This case is, without exaggeration, a prosecutor’s wildest dream come true.
While the maternal and paternal instincts in all of us wants Shawn Hornbeck to be able to avoid having to testify, I have no doubt whatsoever that he is more than willing do so. He’s not eleven any more. And I bet he resents the loss of his intended life over the last four years more than all of us put together.
So, while Corlija and Kielty dangle the threat of Shawn Hornbeck and Ben Ownby having to testify, while they play media hardball with prosecutors, clearly understand that the greatest threat of all to their client IS Shawn Hornbeck and Ben Ownby testifying before a jury.
And for those who might wonder why Devlin would ever agree to a plea agreement, allow me to add this: Devlin is a 300-pound sociopath who is terrified of adult relationships and gets his kicks out of terrorizing and hurting children. He will never, ever want to appear at a trial before his adult peers, whom he knows not only want to crucify him but have more evidence and compelling testimony than ever before to do so. Devlin just wants to crawl into a hole and forget this ever happened. Heck, he probably would rather roll back time to a year ago, when life was good…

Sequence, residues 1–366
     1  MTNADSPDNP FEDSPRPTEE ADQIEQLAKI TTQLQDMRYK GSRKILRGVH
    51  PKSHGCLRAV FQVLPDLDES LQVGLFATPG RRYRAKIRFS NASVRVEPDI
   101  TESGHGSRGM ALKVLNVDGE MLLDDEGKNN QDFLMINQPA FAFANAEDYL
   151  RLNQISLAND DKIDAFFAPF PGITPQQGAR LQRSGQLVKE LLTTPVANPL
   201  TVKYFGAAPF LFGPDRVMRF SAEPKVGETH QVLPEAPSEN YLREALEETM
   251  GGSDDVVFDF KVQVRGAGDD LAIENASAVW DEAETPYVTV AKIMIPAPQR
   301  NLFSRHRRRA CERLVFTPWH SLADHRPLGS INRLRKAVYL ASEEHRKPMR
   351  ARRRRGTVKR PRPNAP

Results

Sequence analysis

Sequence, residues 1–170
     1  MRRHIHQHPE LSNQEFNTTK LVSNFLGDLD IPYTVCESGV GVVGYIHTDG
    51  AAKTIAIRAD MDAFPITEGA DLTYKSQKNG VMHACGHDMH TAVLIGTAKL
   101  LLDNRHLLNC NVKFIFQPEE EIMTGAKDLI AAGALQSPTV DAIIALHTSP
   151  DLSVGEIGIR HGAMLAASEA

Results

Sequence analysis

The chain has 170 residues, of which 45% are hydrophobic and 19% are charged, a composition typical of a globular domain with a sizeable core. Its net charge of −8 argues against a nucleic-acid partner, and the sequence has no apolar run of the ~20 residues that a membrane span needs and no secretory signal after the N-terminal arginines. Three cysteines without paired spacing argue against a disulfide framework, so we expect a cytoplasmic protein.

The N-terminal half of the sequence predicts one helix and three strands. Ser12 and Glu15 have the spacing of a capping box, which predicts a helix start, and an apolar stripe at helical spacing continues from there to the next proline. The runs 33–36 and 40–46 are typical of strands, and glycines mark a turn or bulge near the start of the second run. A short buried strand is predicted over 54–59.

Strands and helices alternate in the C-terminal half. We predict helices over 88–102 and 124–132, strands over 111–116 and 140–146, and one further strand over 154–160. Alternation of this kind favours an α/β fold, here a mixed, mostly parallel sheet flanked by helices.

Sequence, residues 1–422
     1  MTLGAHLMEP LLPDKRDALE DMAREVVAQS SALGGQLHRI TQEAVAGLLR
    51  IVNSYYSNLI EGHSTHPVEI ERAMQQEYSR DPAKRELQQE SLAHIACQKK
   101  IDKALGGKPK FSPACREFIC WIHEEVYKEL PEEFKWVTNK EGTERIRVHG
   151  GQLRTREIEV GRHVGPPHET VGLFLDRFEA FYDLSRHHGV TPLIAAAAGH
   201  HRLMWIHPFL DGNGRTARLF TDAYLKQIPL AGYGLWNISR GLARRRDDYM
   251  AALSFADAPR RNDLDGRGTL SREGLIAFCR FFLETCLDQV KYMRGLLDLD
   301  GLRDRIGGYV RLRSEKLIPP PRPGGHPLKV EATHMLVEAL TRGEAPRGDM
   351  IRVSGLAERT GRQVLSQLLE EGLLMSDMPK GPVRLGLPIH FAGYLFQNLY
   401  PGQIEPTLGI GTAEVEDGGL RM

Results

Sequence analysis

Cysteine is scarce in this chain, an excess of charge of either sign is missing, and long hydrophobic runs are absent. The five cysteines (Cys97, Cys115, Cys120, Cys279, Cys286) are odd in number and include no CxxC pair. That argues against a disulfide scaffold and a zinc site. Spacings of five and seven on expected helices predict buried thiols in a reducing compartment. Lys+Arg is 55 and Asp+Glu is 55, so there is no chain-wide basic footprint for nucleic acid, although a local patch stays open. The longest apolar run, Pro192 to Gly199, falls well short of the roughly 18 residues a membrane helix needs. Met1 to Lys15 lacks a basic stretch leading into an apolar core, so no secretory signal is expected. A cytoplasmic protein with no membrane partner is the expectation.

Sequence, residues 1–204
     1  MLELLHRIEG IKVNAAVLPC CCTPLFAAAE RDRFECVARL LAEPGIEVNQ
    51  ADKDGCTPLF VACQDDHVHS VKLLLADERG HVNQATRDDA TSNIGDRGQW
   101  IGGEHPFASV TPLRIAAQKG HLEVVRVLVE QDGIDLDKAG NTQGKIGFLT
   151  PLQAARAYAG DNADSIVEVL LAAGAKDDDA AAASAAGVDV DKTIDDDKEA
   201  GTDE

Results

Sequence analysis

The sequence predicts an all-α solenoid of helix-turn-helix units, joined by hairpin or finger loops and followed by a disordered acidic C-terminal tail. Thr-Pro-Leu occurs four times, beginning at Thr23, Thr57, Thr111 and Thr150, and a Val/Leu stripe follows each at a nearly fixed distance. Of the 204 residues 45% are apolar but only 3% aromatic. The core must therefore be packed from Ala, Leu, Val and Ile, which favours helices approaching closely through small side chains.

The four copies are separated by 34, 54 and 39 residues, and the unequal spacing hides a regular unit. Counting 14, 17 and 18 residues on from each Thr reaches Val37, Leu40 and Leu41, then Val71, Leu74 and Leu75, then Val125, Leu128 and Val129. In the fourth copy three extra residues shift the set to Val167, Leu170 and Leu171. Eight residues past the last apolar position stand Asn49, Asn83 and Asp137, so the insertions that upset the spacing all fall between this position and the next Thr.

Corlija and Kielty are well aware of this, but they have quite a bit of time to play their position up in the press. But when the dust settles, these two sharp attorneys will finally admit (by their actions in garnering their client’s acceptance to a plea agreement) that their client’s best deal possible lay with the deal itself and certainly not with a jury.
For a little light reading, Christopher Leonard’s story is here:
This short article in the Missourian underscores my points. Robert Parks is confused with Corlija’s response refusing a plea deal that has not even been tendered…